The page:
David Beckham admitted driving nearly 20mph over the speed limit in a loaned Bentley but denies speeding because legal papers were served late, his lawyer, dubbed ‘Mr Loophole’ claims.
The former England superstar, 43, will stand trial later this month after he was caught driving a £200,000 Bentley at 59mph in a 40mph zone in January.
His solicitor Nick Freeman, dubbed Mr Loophole for representing several celebrities facing driving charges, said it was “admitted” Beckham was behind the wheel and broke the limit.
But during a hearing at Wimbledon Magistrates Court today (TUE), Mr Freeman indicated a not guilty plea on Beckham’s behalf because he claimed legal papers about the offence were not served on time.
A trial date of September 27 was set during the case management hearing, which Beckham did not attend.
District Judge Barbara Barnes asked Mr Freeman: “That’s admitted, the driver and the speed?”
Mr Freeman said: “Yes.”
He said the car was a “loan vehicle” from Bentley so a notice of intended prosecution was sent to the manufacturer instead of Beckham after it was clocked speeding.
But the letter was not received until more than the legal time limit of two weeks after the alleged offence on January 23, Mr Freeman said.
The court heard the letter, which was dated February 2, was not received by Bentley until February 7.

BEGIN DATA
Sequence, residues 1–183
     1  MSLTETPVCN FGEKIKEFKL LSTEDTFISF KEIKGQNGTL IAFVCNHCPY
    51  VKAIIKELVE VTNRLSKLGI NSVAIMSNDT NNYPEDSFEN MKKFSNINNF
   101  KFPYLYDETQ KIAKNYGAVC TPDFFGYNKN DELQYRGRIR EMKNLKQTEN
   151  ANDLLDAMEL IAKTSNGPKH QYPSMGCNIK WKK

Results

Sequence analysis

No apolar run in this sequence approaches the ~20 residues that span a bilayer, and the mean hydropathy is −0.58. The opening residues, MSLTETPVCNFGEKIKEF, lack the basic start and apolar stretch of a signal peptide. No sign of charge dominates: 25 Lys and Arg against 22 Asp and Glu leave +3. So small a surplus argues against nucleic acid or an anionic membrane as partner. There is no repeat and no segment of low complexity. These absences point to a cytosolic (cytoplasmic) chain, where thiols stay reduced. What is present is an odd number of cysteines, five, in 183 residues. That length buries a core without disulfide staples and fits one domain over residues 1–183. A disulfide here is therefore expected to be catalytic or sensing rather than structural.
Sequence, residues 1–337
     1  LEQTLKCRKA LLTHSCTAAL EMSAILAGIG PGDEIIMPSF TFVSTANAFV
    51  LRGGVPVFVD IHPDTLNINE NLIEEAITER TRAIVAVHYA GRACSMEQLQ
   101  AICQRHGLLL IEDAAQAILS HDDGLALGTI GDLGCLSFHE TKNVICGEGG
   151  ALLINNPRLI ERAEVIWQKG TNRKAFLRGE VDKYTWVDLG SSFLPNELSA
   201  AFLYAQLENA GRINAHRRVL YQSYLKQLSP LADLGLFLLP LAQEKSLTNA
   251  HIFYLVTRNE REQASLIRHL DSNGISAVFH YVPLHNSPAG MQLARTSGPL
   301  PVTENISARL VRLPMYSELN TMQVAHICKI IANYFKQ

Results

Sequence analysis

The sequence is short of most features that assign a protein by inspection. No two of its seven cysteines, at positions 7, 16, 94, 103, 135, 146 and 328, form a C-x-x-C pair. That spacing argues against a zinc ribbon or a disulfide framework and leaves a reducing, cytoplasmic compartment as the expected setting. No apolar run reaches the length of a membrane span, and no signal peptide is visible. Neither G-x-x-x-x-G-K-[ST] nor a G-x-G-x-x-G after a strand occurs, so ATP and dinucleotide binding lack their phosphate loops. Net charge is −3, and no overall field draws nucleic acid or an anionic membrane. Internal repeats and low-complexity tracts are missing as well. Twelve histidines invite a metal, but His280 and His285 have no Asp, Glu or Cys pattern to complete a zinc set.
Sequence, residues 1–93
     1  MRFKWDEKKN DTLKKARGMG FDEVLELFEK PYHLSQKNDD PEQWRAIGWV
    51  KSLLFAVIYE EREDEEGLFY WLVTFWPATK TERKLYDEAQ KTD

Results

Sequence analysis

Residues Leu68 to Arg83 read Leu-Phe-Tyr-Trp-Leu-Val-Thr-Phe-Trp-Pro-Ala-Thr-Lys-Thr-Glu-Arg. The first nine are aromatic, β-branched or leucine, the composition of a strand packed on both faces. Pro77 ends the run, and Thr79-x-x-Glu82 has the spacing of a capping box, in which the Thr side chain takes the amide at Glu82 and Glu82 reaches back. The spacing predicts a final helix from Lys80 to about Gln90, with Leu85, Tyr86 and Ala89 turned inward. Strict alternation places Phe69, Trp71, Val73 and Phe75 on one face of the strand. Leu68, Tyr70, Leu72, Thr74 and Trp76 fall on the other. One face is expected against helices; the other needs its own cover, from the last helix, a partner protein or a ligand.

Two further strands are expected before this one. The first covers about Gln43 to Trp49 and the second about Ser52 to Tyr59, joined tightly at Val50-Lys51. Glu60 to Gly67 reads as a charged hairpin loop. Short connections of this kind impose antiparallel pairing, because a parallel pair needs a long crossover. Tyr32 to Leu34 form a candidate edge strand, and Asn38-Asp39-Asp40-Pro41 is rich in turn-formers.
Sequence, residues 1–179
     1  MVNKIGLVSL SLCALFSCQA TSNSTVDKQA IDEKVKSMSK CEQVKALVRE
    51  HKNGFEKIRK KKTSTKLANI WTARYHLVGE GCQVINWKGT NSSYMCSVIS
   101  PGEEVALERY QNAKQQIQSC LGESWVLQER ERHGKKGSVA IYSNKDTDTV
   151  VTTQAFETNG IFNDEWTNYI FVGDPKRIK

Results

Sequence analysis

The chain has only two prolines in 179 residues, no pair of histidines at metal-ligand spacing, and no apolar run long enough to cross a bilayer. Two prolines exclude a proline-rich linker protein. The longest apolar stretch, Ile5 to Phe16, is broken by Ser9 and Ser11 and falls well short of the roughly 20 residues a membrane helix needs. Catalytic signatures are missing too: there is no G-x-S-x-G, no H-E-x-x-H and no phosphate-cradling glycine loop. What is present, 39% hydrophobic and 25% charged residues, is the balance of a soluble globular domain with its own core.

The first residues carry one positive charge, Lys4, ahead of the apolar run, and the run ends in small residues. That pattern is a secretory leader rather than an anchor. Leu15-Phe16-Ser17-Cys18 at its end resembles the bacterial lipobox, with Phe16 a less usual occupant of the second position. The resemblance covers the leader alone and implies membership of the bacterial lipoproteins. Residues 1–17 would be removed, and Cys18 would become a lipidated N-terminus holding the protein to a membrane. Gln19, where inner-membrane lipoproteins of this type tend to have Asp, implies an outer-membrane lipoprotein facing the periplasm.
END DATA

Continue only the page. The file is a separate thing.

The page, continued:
He said: “I don’t accept it was served on the second. At the moment I don’t have the chronology so I don’t know.
“I accept the date on it is the second. As I understand it that’s the date it was printed. Not the date it was served.”
Mr Freeman added: “What I’m saying is the notice is defective because it arrived out of time.”
The court was told a stamp to indicate receipt of the letter was dated February 7.
Prosecutor Simon Maughan said: “I’m accepting of the letter, I’m accepting of the date on the letter, I’m accepting that the seventh has been stamped on the letter.
“There can be no issue with the date on the letter.”
Beckham, of Holland Park, west London, allegedly broke the limit while driving on the A40 flyover in Paddington, central London.
District Judge Barbara Barnes said: “I will fix the trial date on September 27.”
Referring to the punishment if Beckham is found guilty, she said: “I think we’re in unlimited fines territory.”
She added: “Service of the intended prosecution should be received within 14 days. The defence say it was outside 14 days.”
Asked whether Beckham would be present at the trial, Mr Freeman said: “I don’t anticipate it.”
He added: “If the case goes against him and if the result is disqualification then I will make it absolutely clear.”
Beckham also did not attend an earlier hearing at Lavender Hill Magistrates Court on August 28.
According to the charge sheet on that date, he sent his not guilty plea by post on August 17.